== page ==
That's it! All you need to do is create a group of workers (with the help of WORLD_SIZE and WORLD_RANK), assign a GPU to each of them (use LOCAL_RANK), and wrap up your model and dataset in the context of PyTorch DDP (use DistributedDataParallel and DistributedSampler)!

Launch Multi-node PyTorch Distributed Applications

So far we have talked about how to write a PyTorch DDP code so it works across multiple nodes. What we haven't touched upon is how to actually launch a multi-node distributed job. Now is the time to do so and finally unfold the mystery of how environment variables like WORLD_SIZE, WORLD_RANK and LOCAL_RANK are set.  

There are different ways to “launch” applications in a distributed fashion across multiple nodes, implemented by different vendors, such as HPC veterans (Open MPI), Deep Learning framework leaders (PyTorch), or open source A.I. communities (Horovod).

The rest of the tutorial will cover how to use PyTorch’s distributed.launch and torchrun methods, as well as Open MPI’s mpirun method. We pick these two due to their popularity as well as that they can be used interchangeably and work out of the box with native PyTorch DDP implementation. We skip Horovod because it requires installing some additional package and making some changes to your PyTorch script. And in general you can achieve the same goal via mpirun without any extra work.

torch.distributed.launch

In order to torch.distributed.launch a two-node ResNet training job, you need to ssh into the two nodes and run the following commands:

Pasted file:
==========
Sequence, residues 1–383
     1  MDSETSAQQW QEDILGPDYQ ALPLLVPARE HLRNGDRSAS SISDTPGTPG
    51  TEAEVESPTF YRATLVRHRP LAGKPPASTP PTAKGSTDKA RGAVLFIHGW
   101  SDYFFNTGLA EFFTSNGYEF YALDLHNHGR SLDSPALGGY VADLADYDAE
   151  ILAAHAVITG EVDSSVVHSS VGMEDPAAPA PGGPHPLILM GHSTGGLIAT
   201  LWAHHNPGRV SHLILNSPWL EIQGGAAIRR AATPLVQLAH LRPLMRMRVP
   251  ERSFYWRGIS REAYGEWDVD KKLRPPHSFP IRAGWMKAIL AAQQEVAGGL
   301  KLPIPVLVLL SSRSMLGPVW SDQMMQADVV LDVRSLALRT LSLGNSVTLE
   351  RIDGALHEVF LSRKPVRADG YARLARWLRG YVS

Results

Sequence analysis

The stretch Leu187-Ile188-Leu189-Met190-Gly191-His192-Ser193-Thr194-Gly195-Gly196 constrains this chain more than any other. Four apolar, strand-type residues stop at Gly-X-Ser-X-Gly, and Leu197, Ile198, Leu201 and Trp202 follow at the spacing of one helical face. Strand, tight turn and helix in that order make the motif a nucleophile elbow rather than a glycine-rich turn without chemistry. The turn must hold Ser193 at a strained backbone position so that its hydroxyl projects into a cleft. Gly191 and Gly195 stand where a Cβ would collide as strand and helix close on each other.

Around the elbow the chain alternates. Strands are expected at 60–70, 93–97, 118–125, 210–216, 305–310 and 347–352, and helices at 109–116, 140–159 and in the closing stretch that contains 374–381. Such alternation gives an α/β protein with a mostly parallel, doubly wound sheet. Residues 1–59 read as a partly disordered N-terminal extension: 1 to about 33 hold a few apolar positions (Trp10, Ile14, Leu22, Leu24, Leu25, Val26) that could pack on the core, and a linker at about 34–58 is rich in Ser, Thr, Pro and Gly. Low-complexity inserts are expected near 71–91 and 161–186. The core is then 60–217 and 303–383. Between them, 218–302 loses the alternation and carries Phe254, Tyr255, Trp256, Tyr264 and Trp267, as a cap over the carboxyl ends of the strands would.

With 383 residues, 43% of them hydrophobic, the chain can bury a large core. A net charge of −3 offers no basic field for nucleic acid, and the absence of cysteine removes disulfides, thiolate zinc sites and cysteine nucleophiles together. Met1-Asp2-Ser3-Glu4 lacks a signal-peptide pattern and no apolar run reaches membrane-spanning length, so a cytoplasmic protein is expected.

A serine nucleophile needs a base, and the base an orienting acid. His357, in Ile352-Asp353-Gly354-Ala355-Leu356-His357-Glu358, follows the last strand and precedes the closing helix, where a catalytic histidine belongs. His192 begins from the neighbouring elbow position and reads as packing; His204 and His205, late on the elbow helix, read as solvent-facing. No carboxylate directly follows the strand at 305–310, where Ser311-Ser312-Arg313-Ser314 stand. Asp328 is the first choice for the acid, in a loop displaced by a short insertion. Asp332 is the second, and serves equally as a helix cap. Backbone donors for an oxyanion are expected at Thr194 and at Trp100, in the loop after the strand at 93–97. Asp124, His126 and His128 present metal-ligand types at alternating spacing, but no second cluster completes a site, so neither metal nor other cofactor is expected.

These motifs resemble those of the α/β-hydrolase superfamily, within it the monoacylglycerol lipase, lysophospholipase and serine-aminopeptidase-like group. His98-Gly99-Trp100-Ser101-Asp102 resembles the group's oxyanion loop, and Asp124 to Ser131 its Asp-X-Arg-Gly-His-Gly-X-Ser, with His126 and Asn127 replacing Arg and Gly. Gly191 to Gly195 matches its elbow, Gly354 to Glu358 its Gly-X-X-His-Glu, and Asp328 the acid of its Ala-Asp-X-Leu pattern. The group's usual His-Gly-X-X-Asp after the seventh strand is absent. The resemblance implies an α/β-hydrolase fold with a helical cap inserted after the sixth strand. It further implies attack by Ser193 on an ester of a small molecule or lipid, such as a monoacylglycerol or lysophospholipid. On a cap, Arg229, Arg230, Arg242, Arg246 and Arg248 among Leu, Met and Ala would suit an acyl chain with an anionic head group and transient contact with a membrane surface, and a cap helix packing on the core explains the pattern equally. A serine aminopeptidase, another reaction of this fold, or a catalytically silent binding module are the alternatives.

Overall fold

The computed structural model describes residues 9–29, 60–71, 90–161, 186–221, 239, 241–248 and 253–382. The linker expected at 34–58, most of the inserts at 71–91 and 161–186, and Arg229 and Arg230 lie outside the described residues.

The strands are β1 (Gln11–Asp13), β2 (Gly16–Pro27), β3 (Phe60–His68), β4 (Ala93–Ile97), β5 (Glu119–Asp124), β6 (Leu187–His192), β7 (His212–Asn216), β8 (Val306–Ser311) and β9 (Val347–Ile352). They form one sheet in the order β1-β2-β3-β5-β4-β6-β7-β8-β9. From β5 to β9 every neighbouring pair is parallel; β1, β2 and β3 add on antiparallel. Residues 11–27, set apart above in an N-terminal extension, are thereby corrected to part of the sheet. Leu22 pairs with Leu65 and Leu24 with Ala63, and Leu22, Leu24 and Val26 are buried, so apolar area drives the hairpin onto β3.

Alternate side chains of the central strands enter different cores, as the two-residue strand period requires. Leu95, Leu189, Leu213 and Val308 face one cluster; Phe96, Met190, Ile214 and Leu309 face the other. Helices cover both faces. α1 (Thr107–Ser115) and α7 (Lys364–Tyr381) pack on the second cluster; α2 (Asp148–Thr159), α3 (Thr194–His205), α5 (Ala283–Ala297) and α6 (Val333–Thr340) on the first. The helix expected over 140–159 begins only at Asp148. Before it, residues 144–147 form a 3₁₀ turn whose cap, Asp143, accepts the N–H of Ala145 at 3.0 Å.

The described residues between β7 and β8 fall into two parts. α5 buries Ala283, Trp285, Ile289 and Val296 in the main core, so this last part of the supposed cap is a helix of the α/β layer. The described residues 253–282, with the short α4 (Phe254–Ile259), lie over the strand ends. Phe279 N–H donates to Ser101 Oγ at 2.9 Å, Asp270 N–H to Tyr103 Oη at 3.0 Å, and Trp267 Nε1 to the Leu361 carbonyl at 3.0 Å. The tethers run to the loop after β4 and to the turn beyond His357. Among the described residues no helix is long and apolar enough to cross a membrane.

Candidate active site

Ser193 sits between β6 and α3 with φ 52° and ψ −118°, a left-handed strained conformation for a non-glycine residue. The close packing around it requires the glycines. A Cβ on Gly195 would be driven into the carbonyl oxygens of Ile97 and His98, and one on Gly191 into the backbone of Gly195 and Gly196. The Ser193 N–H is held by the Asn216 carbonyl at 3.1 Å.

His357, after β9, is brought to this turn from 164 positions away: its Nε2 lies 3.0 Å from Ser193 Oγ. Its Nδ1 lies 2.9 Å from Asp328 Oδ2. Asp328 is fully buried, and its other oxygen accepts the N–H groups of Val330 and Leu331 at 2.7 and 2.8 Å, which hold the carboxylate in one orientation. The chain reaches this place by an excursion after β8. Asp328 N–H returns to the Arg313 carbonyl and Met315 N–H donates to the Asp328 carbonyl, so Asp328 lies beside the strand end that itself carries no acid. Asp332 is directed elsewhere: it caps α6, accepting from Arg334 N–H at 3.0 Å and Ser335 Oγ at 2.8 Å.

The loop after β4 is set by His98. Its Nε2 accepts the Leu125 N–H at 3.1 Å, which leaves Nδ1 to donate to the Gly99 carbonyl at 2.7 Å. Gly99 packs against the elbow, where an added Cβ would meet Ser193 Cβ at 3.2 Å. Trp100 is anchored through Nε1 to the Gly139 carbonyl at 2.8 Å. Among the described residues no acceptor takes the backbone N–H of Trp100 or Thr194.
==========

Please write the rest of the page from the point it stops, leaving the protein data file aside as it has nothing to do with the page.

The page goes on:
# On 104.171.200.62 (the master node)
python3 -m torch.distributed.launch \
--nproc_per_node=2 --nnodes=2 --node_rank=0 \
--master_addr=104.171.200.62 --master_port=1234 \
main.py \
--backend=nccl --use_syn --batch_size=8192 --arch=resnet152

# On 104.171.200.182 (the worker node)
python3 -m torch.distributed.launch \
--nproc_per_node=2 --nnodes=2 --node_rank=1 \
--master_addr=104.171.200.62 --master_port=1234 \
main.py \
--backend=nccl --use_syn --batch_size=8192 --arch=resnet152

# Output from node 104.171.200.62
Local Rank: 0, Epoch: 0, Training ...
Local Rank: 1, Epoch: 0, Training ...

# output from node 104.171.200.182
Local Rank: 0, Epoch: 0, Training ...
Local Rank: 1, Epoch: 0, Training ...
  • nproc_per_nod defines the number of workers on each node. It should equal to the number of GPUs on each node. In this case, 2.
  • nnodes defines the number of nodes. In this case, 2.
  • master_addr and master_port are the IP address and port for the master node. You have to set up these environment variables otherwise PyTorch DDP will complain.

The above parameters are the same for both workers. However,

  • node_rank defines the rank of a node. This has to be set differently in the two commands — use 0 for the master node, and 1 for the worker node. Training will freeze if master node is not rank 0.

As you might guess, torch.distributed.launch will create the WORLD_SIZE, WORLD_RANK and LOCAL_RANK environment variables for each worker, from parameters such as nproc_per_nod, nnodes and node_rank.

torchrun

Created by the PyTorch team, torchrun works similarly to torch.distributed.launch but with some extra functionalities that gracefully handle failed workers and elasticity. In fact, torchrun can work with the exact same script as torch.distributed.launch does:

# On 104.171.200.62 (the master node)
torchrun \
--nproc_per_node=2 --nnodes=2 --node_rank=0 \
--master_addr=104.171.200.62 --master_port=1234 \
main.py \